Skip to main content

Lung Cancer

Lung Cancer is the most common cause of cancer death in both men and women in Kentucky and the United States. It exceeds deaths from breast, colon and prostate cancers combined. Kentucky leads the nation in the percentage of new cases of lung cancer diagnosed per year.

Greater than 80% of patients die from the disease after being diagnosed with lung cancer. In 2009 there were 3,250 deaths from lung cancer in Kentucky. There were 4,600 new cases diagnosed in Kentucky in 2009.

The causes of lung cancer are varied but the #1 risk factor for lung cancer is CIGARETTE SMOKING! Eighty percent of ALL lung cancers occur in smokers. Kentucky leads the nation in the percentage of smokers and percentage of lung cancer deaths. Other risk factors include second hand smoke, air pollution, asbestos exposure with smoking, radon gas and genetic factors.

There are several types of lung cancer but most are grouped into two categories; non-small cell lung cancer and small cell lung cancer. The prognosis or life expectancy for small cell lung cancer is extremely poor. The chances of being alive (prognosis) 5 years after diagnosis of most types of lung cancer is less than 20%.

There are 4 stages of lung cancer with Stage 1 having the best prognosis and Stage 4 the worst prognosis. Obviously if the lung cancer can be diagnosed and surgically removed at an early stage the chances of survival are dramatically improved. Stage 1, 60-80% survival at 5 years and Stage 2, 40-60% survival at 5 years.

Most patients with lung cancer have symptoms such as coughing, chest pain, shortness of breath, weight loss, hoarseness, weakness, feeling tired or loss of appetite.

The diagnosis of lung cancer often requires various types of x-rays to include chest x-rays, CAT scans and PET scans. In addition to x-rays various types of biopsies and surgical procedures are often required for diagnosis and treatment.

The treatment options for lung cancer involve surgery, chemotherapy and radiation therapy. Surgical resection of the cancerous tumor is the most effective treatment for stage 1 and 2 non-small cell lung cancers. Unfortunately only approximately one out of four patients (25%) are candidates for surgical resection.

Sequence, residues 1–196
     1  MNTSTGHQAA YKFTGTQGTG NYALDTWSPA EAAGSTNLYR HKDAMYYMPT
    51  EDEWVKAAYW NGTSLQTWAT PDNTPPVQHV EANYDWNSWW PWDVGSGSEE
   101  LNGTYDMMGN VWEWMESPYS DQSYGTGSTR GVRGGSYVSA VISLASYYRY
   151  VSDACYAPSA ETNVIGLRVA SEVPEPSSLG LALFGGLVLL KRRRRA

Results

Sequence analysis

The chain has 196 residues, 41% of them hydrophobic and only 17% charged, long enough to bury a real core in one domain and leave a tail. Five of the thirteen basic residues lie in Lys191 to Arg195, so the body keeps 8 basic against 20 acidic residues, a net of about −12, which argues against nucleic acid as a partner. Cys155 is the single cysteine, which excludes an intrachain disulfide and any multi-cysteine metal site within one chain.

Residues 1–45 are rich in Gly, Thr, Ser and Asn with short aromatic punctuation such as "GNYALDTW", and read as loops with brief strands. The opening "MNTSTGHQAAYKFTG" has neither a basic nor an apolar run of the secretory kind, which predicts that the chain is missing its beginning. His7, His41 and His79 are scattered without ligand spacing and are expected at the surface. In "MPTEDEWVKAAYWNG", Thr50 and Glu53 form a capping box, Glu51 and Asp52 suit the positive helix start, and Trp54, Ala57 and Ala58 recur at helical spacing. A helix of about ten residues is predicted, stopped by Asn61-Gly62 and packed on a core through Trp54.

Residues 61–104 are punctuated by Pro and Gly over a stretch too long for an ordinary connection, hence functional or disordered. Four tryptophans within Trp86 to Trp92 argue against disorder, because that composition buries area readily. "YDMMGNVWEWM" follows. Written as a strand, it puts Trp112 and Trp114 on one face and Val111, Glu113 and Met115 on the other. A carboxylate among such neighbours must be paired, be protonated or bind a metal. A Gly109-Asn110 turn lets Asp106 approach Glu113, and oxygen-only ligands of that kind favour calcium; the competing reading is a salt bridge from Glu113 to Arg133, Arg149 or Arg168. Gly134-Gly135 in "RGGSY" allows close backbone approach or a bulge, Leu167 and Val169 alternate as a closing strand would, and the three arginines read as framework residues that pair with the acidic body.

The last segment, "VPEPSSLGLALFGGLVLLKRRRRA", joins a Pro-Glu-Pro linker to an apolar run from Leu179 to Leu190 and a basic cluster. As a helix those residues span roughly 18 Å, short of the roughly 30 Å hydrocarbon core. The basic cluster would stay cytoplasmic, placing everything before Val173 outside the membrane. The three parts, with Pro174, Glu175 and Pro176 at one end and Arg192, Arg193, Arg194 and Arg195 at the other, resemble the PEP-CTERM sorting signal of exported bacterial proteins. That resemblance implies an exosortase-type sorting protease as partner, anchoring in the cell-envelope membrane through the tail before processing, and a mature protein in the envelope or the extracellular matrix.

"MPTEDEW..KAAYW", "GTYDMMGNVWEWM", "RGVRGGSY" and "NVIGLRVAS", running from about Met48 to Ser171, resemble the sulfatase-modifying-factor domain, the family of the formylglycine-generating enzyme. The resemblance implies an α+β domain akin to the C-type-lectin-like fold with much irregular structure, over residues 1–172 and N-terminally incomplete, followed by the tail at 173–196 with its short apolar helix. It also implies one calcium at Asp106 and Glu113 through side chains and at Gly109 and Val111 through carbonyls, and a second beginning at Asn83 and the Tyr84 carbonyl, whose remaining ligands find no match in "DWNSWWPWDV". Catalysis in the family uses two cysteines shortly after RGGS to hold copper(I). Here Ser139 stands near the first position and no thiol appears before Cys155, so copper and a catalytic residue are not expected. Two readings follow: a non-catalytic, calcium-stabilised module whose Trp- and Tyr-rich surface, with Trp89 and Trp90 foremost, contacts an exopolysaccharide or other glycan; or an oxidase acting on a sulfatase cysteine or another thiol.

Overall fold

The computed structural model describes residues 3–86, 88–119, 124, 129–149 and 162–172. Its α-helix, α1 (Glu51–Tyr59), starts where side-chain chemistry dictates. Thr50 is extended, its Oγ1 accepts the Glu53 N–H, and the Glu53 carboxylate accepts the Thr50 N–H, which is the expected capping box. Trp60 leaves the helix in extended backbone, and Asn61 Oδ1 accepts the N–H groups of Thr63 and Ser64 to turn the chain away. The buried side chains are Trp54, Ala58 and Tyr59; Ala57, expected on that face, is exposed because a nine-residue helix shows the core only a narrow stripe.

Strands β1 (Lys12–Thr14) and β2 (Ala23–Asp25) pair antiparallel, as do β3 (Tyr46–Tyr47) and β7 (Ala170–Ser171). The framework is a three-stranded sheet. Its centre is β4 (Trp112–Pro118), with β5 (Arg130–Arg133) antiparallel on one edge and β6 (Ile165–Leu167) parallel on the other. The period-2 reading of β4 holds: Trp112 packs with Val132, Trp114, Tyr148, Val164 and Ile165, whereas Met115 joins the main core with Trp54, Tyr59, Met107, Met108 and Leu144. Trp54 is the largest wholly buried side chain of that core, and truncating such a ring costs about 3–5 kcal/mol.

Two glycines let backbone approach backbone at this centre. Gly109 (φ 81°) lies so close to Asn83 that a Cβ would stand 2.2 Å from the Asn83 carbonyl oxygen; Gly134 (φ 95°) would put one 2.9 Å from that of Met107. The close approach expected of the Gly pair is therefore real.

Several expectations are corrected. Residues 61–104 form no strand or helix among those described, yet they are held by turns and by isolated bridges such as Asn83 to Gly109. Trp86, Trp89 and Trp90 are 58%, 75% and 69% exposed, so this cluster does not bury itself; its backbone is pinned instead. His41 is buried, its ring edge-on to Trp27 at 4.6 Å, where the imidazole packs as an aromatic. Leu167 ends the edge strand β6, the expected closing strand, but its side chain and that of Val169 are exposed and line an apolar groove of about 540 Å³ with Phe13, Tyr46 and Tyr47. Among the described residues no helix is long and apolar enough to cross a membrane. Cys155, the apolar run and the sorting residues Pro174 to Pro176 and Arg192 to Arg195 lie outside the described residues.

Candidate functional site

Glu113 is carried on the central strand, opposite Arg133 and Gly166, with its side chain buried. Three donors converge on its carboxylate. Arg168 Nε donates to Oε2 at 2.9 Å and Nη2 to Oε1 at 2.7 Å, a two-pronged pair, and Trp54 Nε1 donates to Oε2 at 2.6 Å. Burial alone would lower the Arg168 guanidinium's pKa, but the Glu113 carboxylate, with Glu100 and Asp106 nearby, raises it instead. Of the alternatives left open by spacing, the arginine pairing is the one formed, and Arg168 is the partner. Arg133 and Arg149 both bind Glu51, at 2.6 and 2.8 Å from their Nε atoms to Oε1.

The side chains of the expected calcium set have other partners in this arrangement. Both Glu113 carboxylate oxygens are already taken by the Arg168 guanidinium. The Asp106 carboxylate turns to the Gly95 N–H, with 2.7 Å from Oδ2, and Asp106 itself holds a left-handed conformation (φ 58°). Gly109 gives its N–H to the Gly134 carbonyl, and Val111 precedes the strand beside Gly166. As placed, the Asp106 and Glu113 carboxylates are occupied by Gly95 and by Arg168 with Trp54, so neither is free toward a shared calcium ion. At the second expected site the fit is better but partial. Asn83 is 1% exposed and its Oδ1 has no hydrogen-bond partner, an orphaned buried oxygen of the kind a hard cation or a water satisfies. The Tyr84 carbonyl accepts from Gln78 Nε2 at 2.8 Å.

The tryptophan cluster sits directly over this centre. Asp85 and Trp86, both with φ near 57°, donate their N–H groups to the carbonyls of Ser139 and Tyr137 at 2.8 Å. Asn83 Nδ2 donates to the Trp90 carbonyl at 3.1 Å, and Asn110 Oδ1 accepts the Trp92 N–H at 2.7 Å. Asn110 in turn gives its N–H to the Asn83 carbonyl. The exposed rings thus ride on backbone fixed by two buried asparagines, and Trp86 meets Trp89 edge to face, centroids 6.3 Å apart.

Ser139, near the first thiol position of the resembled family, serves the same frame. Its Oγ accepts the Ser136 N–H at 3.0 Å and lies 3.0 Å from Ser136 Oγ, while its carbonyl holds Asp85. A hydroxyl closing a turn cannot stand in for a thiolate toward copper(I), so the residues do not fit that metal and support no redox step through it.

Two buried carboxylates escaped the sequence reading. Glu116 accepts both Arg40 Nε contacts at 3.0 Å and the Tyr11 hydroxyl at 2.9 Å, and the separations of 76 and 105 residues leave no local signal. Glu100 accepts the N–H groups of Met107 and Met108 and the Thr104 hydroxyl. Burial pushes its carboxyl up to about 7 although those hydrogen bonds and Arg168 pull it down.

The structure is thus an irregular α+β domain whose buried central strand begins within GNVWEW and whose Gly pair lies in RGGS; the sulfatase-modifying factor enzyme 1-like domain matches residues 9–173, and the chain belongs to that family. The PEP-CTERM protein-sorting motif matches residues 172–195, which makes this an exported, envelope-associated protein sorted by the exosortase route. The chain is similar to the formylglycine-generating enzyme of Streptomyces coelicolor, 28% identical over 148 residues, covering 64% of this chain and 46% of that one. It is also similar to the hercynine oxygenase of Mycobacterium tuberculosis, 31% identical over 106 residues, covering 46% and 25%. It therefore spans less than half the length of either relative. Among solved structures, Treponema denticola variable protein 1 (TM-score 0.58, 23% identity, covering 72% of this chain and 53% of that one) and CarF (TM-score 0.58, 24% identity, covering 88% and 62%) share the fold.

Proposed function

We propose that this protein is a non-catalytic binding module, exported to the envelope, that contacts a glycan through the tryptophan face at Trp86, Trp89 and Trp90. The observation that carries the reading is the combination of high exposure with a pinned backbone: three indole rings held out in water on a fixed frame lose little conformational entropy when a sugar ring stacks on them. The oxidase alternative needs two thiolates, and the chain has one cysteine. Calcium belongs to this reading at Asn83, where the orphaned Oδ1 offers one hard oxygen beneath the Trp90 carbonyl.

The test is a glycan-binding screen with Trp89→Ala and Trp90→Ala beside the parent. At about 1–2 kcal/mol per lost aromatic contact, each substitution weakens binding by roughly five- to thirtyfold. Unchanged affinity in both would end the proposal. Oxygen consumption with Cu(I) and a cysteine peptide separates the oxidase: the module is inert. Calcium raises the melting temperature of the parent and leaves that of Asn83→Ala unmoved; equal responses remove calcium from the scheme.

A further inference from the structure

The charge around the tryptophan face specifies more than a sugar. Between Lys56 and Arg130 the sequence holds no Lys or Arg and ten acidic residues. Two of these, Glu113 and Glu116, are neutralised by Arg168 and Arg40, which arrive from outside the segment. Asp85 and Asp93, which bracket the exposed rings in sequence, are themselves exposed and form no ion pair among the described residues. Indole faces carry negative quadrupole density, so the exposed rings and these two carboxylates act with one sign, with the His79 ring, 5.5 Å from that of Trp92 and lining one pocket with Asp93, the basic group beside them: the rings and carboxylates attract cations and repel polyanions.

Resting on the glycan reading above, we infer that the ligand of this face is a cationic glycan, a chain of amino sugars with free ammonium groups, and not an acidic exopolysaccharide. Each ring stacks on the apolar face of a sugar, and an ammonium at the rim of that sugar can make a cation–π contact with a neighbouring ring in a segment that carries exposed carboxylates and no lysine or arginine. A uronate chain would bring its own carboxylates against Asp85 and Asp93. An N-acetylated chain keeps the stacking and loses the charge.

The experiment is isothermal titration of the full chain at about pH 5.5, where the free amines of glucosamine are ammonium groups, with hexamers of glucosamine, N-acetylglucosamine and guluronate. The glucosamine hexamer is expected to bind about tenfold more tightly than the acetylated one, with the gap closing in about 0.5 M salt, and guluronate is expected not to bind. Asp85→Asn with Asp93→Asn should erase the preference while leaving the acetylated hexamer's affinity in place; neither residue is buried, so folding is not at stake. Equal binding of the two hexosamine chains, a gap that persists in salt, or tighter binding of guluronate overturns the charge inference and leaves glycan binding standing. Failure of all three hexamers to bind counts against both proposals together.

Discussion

The majority (80%) of lung cancers are preventable. DO NOT start smoking and if you smoke, STOP smoking. The risk of smoking related lung cancers increases with the number of packs of cigarettes per day and the number of years smoking. Nicotine in tobacco is a powerfully addictive drug and smoking cessation is difficult. Dying of lung cancer is even more difficult.

The early detection of lung cancer has been shown to reduce the number of deaths due to lung cancer. CAT scans in smokers and ex-smokers in their fifties to seventies is the most effective screening tool available. If you are a smoker or ex-smoker you are at risk for lung cancer.

Help is available in your community of Frankfort. Frankfort Regional Medical Center (FRMC) offers Cooper Clayton Smoking Cessation classes. The hospital has recently been certified as a Community Cancer Center by the American College of Surgeons, Committee on Cancer. Our cancer program is also affiliated with UK-Markey Cancer Center which recently obtained a National Cancer Institute cancer center designation. Dr. Mark Evers, Director of UK Markey Cancer Center, recently stated; “Since Frankfort Regional Medical Center joined the Markey Cancer Center Affiliate Network in 2011, they have been focused on achieving Commission on Cancer status.” “It is the standard by which we measure our affiliate’s performance. It shows that the hospital administration, area physicians and support staff are committed to offering high-quality, multidisciplinary care to their patients. Attaining this status in two years is truly an outstanding accomplishment.”

The Surgeons, Medical Oncologists, Radiation Oncologists, Radiologists, Pulmonologists and other Physicians in Frankfort as well as Frankfort Regional Medical Center are committed to providing state of the art, high-quality care to our patients with lung cancer as well as other types of cancer. For more information on cancer care close to home you can contact “Consult a Nurse” at FRMC, 877-376-2631.